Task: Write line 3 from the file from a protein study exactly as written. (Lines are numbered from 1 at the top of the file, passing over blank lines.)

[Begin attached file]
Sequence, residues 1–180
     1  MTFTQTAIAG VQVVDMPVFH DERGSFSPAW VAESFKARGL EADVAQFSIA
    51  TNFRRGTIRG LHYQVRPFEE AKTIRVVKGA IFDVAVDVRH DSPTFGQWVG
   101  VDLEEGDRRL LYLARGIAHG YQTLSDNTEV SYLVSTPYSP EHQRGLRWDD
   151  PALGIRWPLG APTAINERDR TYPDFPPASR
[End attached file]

    51  TNFRRGTIRG LHYQVRPFEE AKTIRVVKGA IFDVAVDVRH DSPTFGQWVG